What does this do to the land?

Corn is a greedy crop, as farmers will tell you. When you’re growing corn in that kind of intensive monoculture, it requires more pesticide and more fertilizer than any other crop. It’s very hard on the land. You need to put down immense amounts of nitrogen fertilizer, the run-off of which is a pollutant. The farmers I was visiting were putting down 200 pounds per acre, in the full knowledge that corn could only use maybe 100 or 125 pounds per acre; they considered it crop insurance to put on an extra 75 to 100 pounds.

Where does that extra nitrogen go?

It goes into the roadside ditches and, in the case of the farms I visited, drains into the Raccoon River, which empties into the Des Moines River. The city of Des Moines has a big problem with nitrogen pollution. In the spring, the city issues "blue baby alerts," telling mothers not to let their children use the tap water because of the nitrates in it. The Des Moines River eventually finds its way to the Gulf of Mexico, where the excess nitrogen has created a dead zone the size of New Jersey.

What is a dead zone?

It’s a place where the nitrogen has stimulated such growth of algae and phytoplankton that it starves that area of oxygen, and fish cannot live in it. The dead zone hasn’t gotten much attention, compared to carbon pollution; but, in terms of the sheer scale of human interference in one of the crucial natural cycles, it’s arguably even more dramatic. Fully half of the terrestrial nitrogen in the world today is manmade, from fertilizers.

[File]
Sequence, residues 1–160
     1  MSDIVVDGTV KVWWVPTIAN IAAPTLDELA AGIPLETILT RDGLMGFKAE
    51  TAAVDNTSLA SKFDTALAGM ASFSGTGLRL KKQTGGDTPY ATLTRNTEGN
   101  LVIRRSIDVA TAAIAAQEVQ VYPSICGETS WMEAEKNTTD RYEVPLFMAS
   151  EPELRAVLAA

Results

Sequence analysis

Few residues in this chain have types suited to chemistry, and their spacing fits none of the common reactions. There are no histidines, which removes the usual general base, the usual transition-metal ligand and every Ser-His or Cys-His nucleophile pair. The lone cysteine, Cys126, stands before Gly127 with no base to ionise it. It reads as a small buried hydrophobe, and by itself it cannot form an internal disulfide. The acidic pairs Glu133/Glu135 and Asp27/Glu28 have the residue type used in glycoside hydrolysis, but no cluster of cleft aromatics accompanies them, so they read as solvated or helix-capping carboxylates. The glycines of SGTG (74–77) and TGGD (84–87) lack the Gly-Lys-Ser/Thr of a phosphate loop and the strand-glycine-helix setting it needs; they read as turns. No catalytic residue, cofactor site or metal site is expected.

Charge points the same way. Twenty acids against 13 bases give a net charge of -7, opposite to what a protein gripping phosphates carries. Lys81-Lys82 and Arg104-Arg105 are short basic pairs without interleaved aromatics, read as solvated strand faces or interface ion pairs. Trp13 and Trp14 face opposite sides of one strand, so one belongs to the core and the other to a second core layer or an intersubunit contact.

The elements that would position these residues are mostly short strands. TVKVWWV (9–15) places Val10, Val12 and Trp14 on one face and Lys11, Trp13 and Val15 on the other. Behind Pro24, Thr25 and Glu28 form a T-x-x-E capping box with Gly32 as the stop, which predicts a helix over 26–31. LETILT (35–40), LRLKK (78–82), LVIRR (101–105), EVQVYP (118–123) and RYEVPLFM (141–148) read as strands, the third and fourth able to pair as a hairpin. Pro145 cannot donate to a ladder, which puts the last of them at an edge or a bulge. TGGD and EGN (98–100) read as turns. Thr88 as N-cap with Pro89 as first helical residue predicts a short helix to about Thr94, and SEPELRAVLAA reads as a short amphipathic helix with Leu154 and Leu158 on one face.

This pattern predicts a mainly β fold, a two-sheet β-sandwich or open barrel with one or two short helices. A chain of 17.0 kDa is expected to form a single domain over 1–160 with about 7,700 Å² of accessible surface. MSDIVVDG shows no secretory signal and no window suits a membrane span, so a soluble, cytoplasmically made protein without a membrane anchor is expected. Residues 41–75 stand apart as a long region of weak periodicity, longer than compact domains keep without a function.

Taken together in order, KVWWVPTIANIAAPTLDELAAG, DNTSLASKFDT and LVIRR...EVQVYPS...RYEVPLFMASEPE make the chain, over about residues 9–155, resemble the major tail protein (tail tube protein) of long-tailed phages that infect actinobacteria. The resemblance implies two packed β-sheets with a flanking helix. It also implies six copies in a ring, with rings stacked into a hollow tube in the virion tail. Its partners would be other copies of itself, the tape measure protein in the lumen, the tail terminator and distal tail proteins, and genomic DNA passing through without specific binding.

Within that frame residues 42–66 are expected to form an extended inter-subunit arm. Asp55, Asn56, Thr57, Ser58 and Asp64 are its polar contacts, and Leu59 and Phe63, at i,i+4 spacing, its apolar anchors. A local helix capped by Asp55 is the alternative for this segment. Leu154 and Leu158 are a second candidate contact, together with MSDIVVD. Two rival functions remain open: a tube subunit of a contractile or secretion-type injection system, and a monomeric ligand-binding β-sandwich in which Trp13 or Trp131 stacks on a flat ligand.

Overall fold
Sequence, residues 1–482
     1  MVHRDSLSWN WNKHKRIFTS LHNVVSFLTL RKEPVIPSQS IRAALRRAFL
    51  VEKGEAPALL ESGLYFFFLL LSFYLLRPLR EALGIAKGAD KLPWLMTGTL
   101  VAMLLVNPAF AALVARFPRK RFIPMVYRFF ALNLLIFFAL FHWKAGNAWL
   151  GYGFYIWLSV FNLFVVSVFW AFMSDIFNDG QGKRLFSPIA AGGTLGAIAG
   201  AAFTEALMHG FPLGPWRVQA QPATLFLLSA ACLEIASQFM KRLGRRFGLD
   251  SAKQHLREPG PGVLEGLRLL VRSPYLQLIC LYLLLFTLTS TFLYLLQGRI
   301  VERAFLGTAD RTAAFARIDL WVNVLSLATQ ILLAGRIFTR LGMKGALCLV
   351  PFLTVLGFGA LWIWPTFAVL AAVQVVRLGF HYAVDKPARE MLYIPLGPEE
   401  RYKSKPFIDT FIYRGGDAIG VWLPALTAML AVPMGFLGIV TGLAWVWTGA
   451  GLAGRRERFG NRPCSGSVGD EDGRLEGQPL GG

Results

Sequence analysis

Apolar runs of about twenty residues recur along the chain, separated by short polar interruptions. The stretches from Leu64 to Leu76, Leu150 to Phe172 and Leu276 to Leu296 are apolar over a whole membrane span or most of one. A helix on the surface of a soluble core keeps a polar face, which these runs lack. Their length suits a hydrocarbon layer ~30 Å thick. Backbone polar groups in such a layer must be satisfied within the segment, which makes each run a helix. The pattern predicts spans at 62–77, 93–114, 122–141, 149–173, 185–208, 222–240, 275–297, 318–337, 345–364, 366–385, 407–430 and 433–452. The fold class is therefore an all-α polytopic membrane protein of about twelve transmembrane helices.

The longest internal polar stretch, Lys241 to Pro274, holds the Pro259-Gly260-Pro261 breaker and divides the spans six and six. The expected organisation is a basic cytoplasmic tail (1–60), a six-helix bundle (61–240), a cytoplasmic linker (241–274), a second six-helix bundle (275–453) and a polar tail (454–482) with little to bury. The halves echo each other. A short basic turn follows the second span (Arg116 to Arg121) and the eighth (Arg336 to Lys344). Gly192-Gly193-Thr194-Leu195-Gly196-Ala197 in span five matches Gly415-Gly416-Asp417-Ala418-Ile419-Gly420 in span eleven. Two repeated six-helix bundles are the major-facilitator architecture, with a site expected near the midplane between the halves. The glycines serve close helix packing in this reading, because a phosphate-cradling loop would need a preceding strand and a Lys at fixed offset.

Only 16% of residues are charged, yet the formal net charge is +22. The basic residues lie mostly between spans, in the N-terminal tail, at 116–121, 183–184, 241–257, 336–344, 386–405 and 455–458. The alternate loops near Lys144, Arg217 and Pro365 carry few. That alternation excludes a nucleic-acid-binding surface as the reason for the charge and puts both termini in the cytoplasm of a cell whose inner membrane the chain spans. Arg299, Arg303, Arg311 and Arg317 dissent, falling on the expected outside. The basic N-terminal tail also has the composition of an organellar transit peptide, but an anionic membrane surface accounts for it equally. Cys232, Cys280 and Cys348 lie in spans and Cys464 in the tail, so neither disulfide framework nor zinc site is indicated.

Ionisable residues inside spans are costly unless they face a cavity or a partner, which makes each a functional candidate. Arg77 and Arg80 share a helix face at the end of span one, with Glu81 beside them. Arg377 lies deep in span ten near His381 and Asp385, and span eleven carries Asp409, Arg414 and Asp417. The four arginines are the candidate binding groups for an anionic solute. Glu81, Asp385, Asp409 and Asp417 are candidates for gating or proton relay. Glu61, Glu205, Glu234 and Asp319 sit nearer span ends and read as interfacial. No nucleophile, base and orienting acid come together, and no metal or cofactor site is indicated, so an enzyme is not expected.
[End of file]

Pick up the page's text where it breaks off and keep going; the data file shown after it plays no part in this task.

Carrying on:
Our dependence on corn for a "cheap meal" is a fundamental absurdity. Seventy percent of the grain we grow in this country goes to feed livestock. Most of this livestock is cattle, which are uniquely suited to eating grass, not corn. To help them tolerate corn, we have to pump antibiotics into the cattle; and because the corn diet leads to pathogens, we then need to irradiate their meat to make it safe to eat. Feeding so much corn to cattle thus creates new and entirely preventable public health problems.

In addition to contributing to erosion, pollution, food poisoning, and the dead zone, corn requires huge amounts of fossil fuel – it takes a half gallon of fossil fuel to produce a bushel of corn. What that means is that one of the things we’re defending in the Persian Gulf is the cornfields and the Big Mac. Another cost is the subsidies: For corn alone, it’s four or five billion dollars a year in public money to support the corn farmers that make possible our cheap hamburger. Then you’ve got the problem of obesity because these cheap calories happen to be some of the most fattening.

We’re paying for a 99-cent burger in our health-care bills, in our environmental cleanup bills, in our military budget, and in the disappearance of the family farm. So it really isn’t cheap at all.

via Alex Steffen in QuickChanges